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Wine And Food Pairing

The basic golden rule is balance...neither your wine nor your food should be stronger than the other. Choose them to be complimentary to each other. A lightly flavoured dish should have a nice light wine, while food with depth and body can handle some of the heavier, more robust wine varieties. Simply think of your wine as a flavour enhancer, just as you would a spice, and strive not to overpower the tastes of either one. This is the one theme that underlies all the other nuances of food and wine pairings, of which there are many... If you achieve good balance, you have covered all the rest perfectly.

Here is a small list of how to pair wines with Starters and Deserts. My Free Ebook is available to download which will teach you how to pair your wine with all manner of foods and dishes. From Cheeses to Starters and from Meats to Deserts.

Starters etc

Green Vegetables - Chablis or Chardonnay
Caviar - Dry Champagne
Quiche - Pinot Gris, Dry White Burgundy, Pouilly Fume
Soups - Clear broth soups do not pair well with wine. Creamy or rich soups pair well with a Dry White Burgundy. Thick earthy soups pair well with a Pinot Noir or Beaujolais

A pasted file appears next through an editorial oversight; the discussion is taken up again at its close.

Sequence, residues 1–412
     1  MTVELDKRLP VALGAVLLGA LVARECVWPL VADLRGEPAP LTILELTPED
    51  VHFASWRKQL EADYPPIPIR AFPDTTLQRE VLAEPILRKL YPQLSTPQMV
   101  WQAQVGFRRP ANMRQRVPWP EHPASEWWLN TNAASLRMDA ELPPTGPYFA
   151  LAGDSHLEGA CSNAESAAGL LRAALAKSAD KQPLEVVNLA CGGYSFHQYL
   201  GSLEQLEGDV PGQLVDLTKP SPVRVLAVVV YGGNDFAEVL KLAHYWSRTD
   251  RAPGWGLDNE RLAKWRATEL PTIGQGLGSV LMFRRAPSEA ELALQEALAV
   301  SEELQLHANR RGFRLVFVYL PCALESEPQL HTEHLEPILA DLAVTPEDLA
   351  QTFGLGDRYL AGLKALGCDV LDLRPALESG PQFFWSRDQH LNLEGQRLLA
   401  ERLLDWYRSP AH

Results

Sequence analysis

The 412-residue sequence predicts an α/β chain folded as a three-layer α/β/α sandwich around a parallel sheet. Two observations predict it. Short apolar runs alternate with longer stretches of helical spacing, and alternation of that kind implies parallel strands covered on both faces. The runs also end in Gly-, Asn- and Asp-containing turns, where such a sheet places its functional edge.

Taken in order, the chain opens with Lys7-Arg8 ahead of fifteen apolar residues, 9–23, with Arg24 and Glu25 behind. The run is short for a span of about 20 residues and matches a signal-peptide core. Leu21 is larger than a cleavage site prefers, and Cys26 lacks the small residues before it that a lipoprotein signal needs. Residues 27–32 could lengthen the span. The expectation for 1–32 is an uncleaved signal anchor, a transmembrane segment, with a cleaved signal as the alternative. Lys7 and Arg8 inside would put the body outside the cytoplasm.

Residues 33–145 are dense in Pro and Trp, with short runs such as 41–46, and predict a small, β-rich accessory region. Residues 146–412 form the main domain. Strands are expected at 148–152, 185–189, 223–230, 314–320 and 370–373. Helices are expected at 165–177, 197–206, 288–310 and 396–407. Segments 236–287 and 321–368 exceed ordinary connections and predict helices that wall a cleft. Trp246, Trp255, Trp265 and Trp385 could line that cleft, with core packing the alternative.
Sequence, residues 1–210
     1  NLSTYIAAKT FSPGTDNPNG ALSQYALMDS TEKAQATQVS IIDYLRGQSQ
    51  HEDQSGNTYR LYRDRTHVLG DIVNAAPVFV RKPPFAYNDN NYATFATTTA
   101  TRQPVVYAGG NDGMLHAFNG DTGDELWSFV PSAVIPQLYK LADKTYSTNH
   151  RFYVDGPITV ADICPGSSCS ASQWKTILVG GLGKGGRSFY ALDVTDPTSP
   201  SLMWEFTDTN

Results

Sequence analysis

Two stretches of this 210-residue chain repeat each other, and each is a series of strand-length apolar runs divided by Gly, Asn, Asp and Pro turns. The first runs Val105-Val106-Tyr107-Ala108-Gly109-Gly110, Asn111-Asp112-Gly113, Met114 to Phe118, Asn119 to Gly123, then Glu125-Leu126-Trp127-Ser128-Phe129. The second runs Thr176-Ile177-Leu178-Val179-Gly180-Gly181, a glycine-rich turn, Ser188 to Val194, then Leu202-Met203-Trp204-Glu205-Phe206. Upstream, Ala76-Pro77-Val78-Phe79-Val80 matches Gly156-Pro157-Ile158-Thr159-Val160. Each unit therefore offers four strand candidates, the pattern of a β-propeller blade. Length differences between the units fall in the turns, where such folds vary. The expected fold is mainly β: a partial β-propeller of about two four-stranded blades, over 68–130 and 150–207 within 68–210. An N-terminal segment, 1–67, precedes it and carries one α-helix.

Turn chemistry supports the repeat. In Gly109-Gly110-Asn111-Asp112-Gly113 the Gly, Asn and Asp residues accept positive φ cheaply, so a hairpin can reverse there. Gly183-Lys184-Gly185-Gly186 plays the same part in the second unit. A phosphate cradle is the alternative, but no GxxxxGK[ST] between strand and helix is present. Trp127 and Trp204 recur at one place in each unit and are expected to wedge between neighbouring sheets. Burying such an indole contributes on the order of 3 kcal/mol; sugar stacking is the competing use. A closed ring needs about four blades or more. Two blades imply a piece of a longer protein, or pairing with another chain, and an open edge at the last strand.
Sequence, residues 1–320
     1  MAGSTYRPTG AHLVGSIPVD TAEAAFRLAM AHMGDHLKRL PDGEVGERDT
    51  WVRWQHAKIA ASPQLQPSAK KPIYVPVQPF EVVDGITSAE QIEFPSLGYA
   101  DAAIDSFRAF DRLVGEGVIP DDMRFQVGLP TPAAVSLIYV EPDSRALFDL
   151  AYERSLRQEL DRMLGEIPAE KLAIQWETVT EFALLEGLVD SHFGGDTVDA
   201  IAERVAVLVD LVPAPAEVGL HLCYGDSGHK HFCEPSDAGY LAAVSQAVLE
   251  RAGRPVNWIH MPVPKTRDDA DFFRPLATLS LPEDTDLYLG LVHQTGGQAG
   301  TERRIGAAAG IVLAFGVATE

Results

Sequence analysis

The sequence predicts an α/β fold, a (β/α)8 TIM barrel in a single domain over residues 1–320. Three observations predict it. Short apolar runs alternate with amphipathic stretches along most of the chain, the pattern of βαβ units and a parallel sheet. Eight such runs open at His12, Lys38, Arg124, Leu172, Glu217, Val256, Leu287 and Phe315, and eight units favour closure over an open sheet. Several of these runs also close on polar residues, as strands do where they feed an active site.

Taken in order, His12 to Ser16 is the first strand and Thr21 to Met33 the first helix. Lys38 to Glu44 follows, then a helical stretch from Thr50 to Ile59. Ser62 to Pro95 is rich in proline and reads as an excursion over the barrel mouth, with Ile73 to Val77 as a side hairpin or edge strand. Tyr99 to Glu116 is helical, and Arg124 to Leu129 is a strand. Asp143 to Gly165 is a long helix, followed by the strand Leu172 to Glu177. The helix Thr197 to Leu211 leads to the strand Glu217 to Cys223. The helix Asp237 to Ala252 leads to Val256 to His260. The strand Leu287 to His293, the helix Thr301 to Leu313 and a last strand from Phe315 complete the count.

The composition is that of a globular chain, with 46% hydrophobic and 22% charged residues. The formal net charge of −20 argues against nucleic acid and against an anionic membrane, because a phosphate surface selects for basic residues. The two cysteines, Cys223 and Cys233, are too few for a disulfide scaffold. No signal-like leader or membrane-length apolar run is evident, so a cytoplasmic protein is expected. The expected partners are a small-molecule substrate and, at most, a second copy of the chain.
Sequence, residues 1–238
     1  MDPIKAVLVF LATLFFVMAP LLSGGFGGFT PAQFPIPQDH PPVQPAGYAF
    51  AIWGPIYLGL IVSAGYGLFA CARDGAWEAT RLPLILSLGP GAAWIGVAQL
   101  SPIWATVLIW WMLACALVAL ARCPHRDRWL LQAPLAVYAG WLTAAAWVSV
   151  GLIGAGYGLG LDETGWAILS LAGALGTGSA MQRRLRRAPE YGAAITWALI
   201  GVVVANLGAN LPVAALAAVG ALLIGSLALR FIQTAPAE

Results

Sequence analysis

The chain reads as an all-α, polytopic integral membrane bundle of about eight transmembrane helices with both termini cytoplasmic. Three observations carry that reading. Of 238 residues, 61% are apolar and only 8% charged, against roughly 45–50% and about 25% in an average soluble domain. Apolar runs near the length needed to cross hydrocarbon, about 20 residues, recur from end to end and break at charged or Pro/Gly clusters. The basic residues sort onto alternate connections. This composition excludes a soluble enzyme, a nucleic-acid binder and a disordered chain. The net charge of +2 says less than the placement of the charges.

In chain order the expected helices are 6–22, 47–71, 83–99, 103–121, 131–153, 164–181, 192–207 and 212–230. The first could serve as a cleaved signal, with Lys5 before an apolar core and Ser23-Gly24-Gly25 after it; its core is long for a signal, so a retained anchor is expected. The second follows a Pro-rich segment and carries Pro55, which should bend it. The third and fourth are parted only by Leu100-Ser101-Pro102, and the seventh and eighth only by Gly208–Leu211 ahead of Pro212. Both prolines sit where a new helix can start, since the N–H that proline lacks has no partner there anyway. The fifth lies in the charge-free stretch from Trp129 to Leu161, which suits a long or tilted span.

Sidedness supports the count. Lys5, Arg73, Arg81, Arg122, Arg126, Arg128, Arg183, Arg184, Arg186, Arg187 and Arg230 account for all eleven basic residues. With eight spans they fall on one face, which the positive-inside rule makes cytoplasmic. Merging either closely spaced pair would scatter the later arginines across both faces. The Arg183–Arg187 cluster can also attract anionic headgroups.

Fruits other than Citrus
Pair with a Riesling, Gewurztraminer, Port, or Sauternes


Camembert, Brie, and other soft cheese that is not over ripe pair well with just about any red wine such as Red Burgundy, Zinfandel, and Cabernet

Dutch Cheeses such as Gouda pair well with the above mentioned wines as well.

Milder Cheeses fair better with a fruiter red wine such as Pinot Gris, Pinot Noir, or Beaujolais

Most Blue Cheeses have such intense flavours that a sweet wine is needed just to balance the flavours. A Late Harvest or Ice Gewurztraminer, Sauternes, or Johannesburg Riesling should do the trick. Milder blue cheese such as Gorgonzola pair well with a fruity red wine.

Goat Cheeses in general pair well with a dry white wine. Stronger goat cheese is paired better with a sweeter white wine, similar to the wines paired with blue cheese.

As a rule, red wines go well with mild to sharp cheese. Pungent and intensely flavoured cheese do well with a sweeter wine. A little history note: In European Countries it is customary to serve the best wine of the meal with cheese or a cheese course.

About the Author:

Written by Emma Brown - Author of WineandBeerMakingSecrets Ebook. My full free Wine and Food Pairing Ebook is available for download at

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